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Discussion Starter #1
Ok, I have an 'over the range' microwave. The plug/cord extends up and into a cabinet where there is a plug. Standard sized faceplate, but there is only one outlet vs. the 'normal' two. I'd like to use it as a two plug outlet to get power for a nearby project. So if it is feasible, I'd swap out the single for a dual. Any problems with doing that?
 

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Discussion Starter #5
I have 'pot shelves' and want to run power to them for a (single) air purifier. Like the kind that have a HEPA filter/fan type of thing. It would be more out of the way, and I think they work better when elevated. The microwave plug is the closest & I could avoid snaking wire that way. I believe the microwave is 1000W.

Thanks for the input guys!
 

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Discussion Starter #7
lol, yeah, I suppose, depending on YOUR definition. I figured someone would mention that. But hmmm... how would you know? Experience in that area? :yes:

For those who don't know (and I didn't until I moved here), pot shelves are basically the tops of 'built out' areas in a house. For example, my coat closet & pantry do not go all the way to the ceiling, rather they stop at about 7 feet, thus creating a 'pot shelf' between their top & my ceiling. So called, I believe, because the ladies like to stick potted plants up there.
 

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Leave the microwave circuit alone. At a rating of 1000W the unit is actually consuming about 1450W and on a 15A breaker you are only talking about 1800W. If you have any lights or fans or electronic filters associated with the microwave you will max out quickly and additional power loads tacked on can cause a damaging 'brownout' condition for the microwave. Tie into one of your ceiling lights or a counter outlet instead.
 

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Researching different manufacturers specs. Not just the rating plates
I still don't get it but whatever.

If it says 1000 watts it is 1000 watts.
 

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The 1000 watt rating is the "power" rating of the microwave energy the over is capable of. In other words it creates 1000 watts of microwave power. It is not a rating of what energy the appliance consumes. The lights, touch pad circuits, fans and displays are not included in the calculation either. There is also some loss when converting the electric energy to microwave energy.

Rege
 

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Discussion Starter #13
Ok, checked the breaker box & it is a 15 amp. Plus, I dug out the microwave manual, and in bold letters it says to not plug in anything else but the microwave. Probably could still do it, but I tend to err on the side of caution. So, guess I'll look into snaking wire from another outlet. Thanks anyways guys!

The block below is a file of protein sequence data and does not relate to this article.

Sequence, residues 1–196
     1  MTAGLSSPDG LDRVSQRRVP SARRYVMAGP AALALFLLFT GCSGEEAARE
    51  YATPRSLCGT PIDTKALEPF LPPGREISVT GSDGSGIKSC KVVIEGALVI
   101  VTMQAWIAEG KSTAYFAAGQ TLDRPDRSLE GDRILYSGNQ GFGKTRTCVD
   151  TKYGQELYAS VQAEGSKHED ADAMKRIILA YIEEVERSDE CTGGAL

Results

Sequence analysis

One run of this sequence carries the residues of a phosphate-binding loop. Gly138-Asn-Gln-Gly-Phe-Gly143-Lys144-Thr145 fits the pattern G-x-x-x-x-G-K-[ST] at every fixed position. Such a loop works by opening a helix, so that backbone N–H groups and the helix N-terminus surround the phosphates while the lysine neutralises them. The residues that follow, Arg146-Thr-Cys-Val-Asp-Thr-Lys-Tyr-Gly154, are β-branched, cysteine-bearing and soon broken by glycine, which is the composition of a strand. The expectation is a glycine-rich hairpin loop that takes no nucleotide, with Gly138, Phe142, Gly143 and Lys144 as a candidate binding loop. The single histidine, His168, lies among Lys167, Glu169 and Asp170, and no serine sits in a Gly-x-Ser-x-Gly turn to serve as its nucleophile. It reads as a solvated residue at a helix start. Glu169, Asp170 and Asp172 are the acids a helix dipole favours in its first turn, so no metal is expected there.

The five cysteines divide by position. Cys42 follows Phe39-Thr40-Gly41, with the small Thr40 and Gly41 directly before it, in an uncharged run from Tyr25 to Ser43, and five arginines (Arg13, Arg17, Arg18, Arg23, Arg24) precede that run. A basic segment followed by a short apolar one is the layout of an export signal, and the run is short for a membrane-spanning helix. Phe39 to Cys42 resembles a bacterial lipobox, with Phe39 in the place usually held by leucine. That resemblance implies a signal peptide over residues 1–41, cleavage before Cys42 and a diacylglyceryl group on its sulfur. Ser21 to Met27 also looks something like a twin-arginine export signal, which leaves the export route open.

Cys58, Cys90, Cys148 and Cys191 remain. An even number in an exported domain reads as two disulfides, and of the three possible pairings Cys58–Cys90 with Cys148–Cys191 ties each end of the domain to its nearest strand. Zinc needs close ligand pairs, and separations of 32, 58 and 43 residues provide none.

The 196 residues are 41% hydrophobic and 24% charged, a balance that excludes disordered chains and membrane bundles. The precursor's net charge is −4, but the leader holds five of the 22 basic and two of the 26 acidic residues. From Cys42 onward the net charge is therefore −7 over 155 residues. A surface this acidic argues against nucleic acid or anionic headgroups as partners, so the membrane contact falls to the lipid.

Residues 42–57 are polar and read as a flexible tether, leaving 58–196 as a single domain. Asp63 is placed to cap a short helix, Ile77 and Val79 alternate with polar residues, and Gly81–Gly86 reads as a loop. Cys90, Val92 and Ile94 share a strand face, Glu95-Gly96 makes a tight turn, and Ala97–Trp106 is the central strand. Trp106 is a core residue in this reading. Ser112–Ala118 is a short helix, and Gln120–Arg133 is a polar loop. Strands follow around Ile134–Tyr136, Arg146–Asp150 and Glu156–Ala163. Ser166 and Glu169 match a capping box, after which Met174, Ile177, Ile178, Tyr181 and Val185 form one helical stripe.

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The 1000 watt rating is the "power" rating of the microwave energy the over is capable of. In other words it creates 1000 watts of microwave power. It is not a rating of what energy the appliance consumes. The lights, touch pad circuits, fans and displays are not included in the calculation either. There is also some loss when converting the electric energy to microwave energy.

Rege
Fine, but if the plate on the back says 120v/1000w then it consumes 1000 watts at full power everything considered.
 

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15A circuit for microwave; Don't put anything else on the circuit.
I ran a dedicated 20A for mine, but used a duplex receptacle, so I can still add a small appliance if need be.

The air purifier could draw 5 or more amps.

Don't snake appliance cords through concealed spaces, like cabinets, etc, and especially not where they might get damaged. Never, ever use an extension cord on a permanent basis!!

FW
 

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Speedy Petey,

I agree with you but steve771 said "I believe the microwave is 1000W" so I thought the safe and most likely assumption was he used the advertised rating. Also he probably would not have had to ask the question if he knew enough to check the rating plate.

Rege
 

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Fair enough. Good point. :thumbsup:
 

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Fine, but if the plate on the back says 120v/1000w then it consumes 1000 watts at full power everything considered.
When dealing with microwave ovens, you have 2 different values to consider:

Input and output.

Microwave ovens that advertise 1000 watts are usually dealing with their output rating, or actual "cooking power"

The input power needed to produce that amount of microwave radiation is usually much more than that.

For example: A typical GE microwave oven is listed as 1000 watts. The specification sheet also says you need 1500 watts to operate the dang thing. Click here for the product specs.
 
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